Ilham and Tohti, 50, are Uighurs, members of a Turkic-speaking, mostly Sunni Muslim minority group in China. Tohti, an economist who lectured at universities, researched relations between Uighurs and Han, the majority Chinese ethnicity. He advised the government to build more hospitals and schools in Xinjiang, where Uighurs are concentrated.
But perhaps most importantly, he established the website “Uighur Online” in 2006, a forum for discussion of issues important to his community, and advocated for regional autonomy laws in China.
An explosive interview with Saudi Prince Bandar bin Sultan on Saudi-owned Al Arabiya has made the kingdom’s position on the Palestinians murkier than it has been in the six weeks since the United Arab Emirates and Israel announced they were normalizing ties.
In the aftermath of the peace agreement, the Palestinians let the world know that they are furious and feel betrayed. Palestinian Authority President Mahmoud Abbas called normalization a “stab in the back of the Palestinian people,” though he later apologized at the UAE’s demand.
Some eyebrows were raised in Khartoum in the last few weeks as the terms for American aid in the country’s revival after the overthrow of tyrant Omar al-Bashir last year came to light.
Sudan wants to shake off its state sponsor of terrorism designation, which blocks access to foreign funding it needs to keep its new government stable and able to foster democracy, as well as $3 billion in debt relief and investments in its weak economy.
The US would also like Sudan to pay a $335 million settlement for harboring the terrorists who bombed US embassies in Kenya and Tanzania in 1998 and the USS Cole destroyer in 2000, while Congress would pass a bill giving Khartoum immunity from future legal claims on other past terrorist attacks – including, controversially, 9/11. That legislation is currently tied up in Congress.
And the Trump administration has brought another demand into the mix: for Sudan to fully normalize ties with Israel.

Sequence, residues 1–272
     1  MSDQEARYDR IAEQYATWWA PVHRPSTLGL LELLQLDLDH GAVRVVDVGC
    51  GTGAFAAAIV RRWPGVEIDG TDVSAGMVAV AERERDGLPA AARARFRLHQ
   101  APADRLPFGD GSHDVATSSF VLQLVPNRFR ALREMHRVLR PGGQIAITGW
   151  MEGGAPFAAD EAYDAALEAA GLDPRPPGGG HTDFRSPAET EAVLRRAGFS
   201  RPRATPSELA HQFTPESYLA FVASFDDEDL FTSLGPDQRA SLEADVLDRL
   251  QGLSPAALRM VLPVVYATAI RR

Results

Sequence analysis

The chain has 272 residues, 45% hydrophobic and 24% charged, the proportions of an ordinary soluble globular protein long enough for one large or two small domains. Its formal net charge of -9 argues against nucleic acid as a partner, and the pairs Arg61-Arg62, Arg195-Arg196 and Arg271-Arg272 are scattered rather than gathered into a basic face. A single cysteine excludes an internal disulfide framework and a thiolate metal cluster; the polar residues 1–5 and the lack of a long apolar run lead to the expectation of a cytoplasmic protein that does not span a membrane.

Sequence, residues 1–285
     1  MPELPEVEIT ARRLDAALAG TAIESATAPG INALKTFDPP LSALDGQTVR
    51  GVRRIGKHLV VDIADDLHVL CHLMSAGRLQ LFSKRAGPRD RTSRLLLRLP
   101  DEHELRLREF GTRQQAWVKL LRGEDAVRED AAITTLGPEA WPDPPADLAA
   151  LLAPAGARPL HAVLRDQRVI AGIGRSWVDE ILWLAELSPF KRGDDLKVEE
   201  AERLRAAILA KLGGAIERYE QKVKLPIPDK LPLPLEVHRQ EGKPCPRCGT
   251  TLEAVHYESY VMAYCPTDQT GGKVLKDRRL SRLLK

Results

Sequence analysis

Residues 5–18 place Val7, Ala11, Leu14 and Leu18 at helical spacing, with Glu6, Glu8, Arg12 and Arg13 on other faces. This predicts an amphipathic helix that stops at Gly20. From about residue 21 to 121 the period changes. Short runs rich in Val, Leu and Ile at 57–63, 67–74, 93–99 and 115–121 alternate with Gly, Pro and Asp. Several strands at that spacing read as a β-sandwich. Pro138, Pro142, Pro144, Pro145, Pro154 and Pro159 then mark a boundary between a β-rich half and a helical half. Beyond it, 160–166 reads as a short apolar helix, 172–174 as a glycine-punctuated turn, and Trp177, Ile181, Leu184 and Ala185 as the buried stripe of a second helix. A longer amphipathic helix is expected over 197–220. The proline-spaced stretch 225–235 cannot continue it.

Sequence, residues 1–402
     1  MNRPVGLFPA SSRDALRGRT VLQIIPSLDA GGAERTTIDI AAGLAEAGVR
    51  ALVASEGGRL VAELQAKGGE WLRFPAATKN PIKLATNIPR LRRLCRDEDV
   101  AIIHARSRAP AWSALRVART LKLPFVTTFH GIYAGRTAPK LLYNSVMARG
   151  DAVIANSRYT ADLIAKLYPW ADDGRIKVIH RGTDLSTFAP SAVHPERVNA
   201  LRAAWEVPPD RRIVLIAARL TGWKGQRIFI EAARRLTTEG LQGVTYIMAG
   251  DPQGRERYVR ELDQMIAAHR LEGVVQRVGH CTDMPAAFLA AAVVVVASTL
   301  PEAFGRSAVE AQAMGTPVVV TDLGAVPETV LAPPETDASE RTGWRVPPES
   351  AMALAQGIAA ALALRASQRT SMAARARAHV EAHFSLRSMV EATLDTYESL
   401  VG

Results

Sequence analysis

Sometimes, the obvious also needs to be stated, as former prime minister Menachem Begin famously said. Which is why it should be noted that most Israelis support peace with the United Arab Emirates and Bahrain.
Israelis know that our country has long been cut off from the rest of the region, and that two countries seeking ties with Israel because doing so will be beneficial to them is a big thing and a positive thing.
Polling bears this out, with Channel 12 finding that 76.7% of Israelis thought the UAE deal was the right thing to do, and this crossed societal lines between Jews and Arabs.
Why does this obvious statement need to be made again?
US Ambassador David Friedman talks about the US role in ushering in peace between Israel and the UAE.
US Ambassador David Friedman was one of the key players in composing the Trump administration’s “vision for peace” between Israel and the Palestinians. And a casual observer may say that all that work over the past few years has been scuttled now that Israeli sovereignty in Judea and Samaria is suspended in favor of peace with the United Arab Emirates.
But Friedman argues that the work was not for naught – far from it. The Trump peace plan was a key milestone in the process of ushering Israel-UAE ties from secret to open and official.
It’s clear that Israelis have no time or patience right now for the theatrics of a ceremony on the White House’s South Lawn while wondering how they’re going to be able to make a living.
AdvertisementWhen Prime Minister Benjamin Netanyahu and his wife, Sara, disembarked from the El Al plane that landed at Joint Base Andrews outside Washington, DC, it was a scene that had been repeated many times during his years as prime minister. The couple walked on a red carpet down the stairs from the plane and waved for the cameras.
But one thing was different: They were both wearing masks over their mouths and noses.
Technically, they didn’t need to. For most of their descent from the Boeing 777, they were well over two meters away from anyone not in their family unit.
But with all of Israel set to go into a lockdown four days later on the eve of Rosh Hashanah, this was no time to get technical.